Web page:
I do believe that the United States diplomacy in the United Nations will be strengthened if the Congress can adopt a resolution expressing U.S. determination to act if the United Nations can not act. The use of force must remain a U.S. option under active consideration. Such congressional resolution need not, at this point, authorize the use of force.

. . . . In the near term, time is on our side and we should endeavor to use the United Nations if at all possible. This may require a period of time for inspections . . .

. . . . We have to work this problem in a way to gain worldwide legitimacy and understanding for the concerns that we rightly feel and for our leadership.

. . . .We should not be using force until the personnel, the organizations, the plans that will be required for post conflict Iraq are prepared and ready . . . . We need to be ready because if suddenly Saddam Hussein's government collapses and we don't have everything ready to go, we're going to have chaos in that region.

Clark said any military action should be with the support of NATO allies, and criticized the Bush administration for decisions "which have undercut its friends and allies around the world and given the impression that the United States doesn't respect the opinions of others.”

He made a clear distinction between threatening force and using it: "I think it's not time yet to use force against Iraq but it is certainly time to put that card on the table, to turn it face up and to wave it."

Last year, soon after he began his campaign for the White House, Clark stumbled by saying he "probably" would have voted for the war-authorizing resolution that Congress passed soon after his testimony, then amended his words several times. (See our earlier article on that.) But in his House testimony at the time he pushed for patience and dipolmacy, not war.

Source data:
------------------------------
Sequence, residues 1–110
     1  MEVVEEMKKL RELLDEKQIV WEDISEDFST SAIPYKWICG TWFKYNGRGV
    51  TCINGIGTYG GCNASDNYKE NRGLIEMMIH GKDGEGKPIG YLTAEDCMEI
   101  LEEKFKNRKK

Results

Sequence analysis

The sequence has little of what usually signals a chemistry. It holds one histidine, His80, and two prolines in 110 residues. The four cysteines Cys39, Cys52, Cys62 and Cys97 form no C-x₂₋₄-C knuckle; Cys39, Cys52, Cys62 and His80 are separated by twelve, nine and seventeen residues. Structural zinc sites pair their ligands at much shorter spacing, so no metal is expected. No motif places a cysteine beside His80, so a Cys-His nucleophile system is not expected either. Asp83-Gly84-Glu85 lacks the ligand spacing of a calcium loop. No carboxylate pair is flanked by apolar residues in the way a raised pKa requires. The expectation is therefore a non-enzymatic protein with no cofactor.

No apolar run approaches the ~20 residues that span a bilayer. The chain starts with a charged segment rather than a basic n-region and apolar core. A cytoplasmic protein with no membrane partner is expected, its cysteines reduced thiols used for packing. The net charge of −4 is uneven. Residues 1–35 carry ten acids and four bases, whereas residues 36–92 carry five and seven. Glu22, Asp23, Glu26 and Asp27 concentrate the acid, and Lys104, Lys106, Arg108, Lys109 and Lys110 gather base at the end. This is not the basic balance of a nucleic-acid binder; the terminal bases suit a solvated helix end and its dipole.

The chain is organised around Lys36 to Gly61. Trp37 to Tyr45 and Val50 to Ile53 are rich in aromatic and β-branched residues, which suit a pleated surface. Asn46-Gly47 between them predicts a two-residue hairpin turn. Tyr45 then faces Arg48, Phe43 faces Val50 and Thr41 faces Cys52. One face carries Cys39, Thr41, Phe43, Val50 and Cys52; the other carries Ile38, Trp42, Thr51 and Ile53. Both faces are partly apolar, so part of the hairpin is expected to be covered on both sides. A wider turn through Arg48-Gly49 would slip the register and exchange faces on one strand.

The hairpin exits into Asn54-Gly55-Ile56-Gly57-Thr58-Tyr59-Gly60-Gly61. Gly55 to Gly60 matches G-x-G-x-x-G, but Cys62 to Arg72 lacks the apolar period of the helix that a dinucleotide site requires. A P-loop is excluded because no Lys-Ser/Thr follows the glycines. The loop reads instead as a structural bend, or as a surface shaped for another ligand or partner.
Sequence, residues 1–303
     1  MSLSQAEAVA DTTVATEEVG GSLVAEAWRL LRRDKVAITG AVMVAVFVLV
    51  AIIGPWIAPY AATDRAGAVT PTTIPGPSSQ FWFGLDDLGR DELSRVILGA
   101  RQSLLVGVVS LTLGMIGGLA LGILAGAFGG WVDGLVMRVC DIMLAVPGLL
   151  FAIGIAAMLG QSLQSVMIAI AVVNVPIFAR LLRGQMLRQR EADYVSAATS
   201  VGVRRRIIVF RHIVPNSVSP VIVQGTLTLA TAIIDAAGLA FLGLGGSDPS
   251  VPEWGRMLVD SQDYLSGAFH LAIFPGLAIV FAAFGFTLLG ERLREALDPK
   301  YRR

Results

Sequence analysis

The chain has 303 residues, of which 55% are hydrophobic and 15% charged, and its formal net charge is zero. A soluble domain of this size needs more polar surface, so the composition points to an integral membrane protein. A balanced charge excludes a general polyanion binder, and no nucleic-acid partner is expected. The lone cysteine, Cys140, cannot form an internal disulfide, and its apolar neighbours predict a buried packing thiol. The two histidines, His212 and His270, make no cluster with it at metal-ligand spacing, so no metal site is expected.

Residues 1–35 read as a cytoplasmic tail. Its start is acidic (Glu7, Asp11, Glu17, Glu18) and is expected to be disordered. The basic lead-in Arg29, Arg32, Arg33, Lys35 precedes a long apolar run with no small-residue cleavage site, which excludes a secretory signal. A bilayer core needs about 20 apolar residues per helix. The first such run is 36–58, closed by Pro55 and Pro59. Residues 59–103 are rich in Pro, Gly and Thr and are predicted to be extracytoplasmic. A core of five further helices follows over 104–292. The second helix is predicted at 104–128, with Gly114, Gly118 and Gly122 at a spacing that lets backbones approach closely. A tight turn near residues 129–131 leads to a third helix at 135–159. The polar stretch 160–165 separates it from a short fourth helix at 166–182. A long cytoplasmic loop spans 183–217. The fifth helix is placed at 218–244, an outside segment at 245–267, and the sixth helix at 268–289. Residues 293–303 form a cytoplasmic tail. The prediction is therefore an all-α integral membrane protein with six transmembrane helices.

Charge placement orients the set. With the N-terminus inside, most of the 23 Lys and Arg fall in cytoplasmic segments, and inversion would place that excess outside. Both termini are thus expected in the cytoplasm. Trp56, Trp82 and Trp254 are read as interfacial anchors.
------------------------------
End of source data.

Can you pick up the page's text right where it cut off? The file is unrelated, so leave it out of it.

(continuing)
The yellow light is flashing. We have a problem . . . . but time is on our side in the near term and we should use it.

"He Wants to Wait"

Also testifying at the same hearing was Richard Perle, a Pentagon adviser and leading advocate of the military action that followed.

"What I would like to see us do is go into Iraq (and) liberate the people of Iraq from the scourge of that nightmare regime," Perle said. "I don't believe that time is on our side and I don't believe that this fuzzy notion that the most important thing is building legitimacy . . .  should be the decisive consideration."

And how did Perle summarize Clark's position?

I think General Clark simply doesn't want to see us use military force and he has thrown out as many reasons as he can develop to that but the bottom line is he just doesn't want to take action. He wants to wait.

Sources

 

Ed Gillespie "Clark's flip-flops on Iraq" Republican National Committee website 16 Jan. 2004.

Ed Gillespie "RNC Chairman Ed Gillespie's Remarks in Little Rock, Ark." Republican National Committee website 15 Jan. 2004

Wesley Clark and Richard Perle, testimony before the House Armed Services Committee 26 Sept. 2002.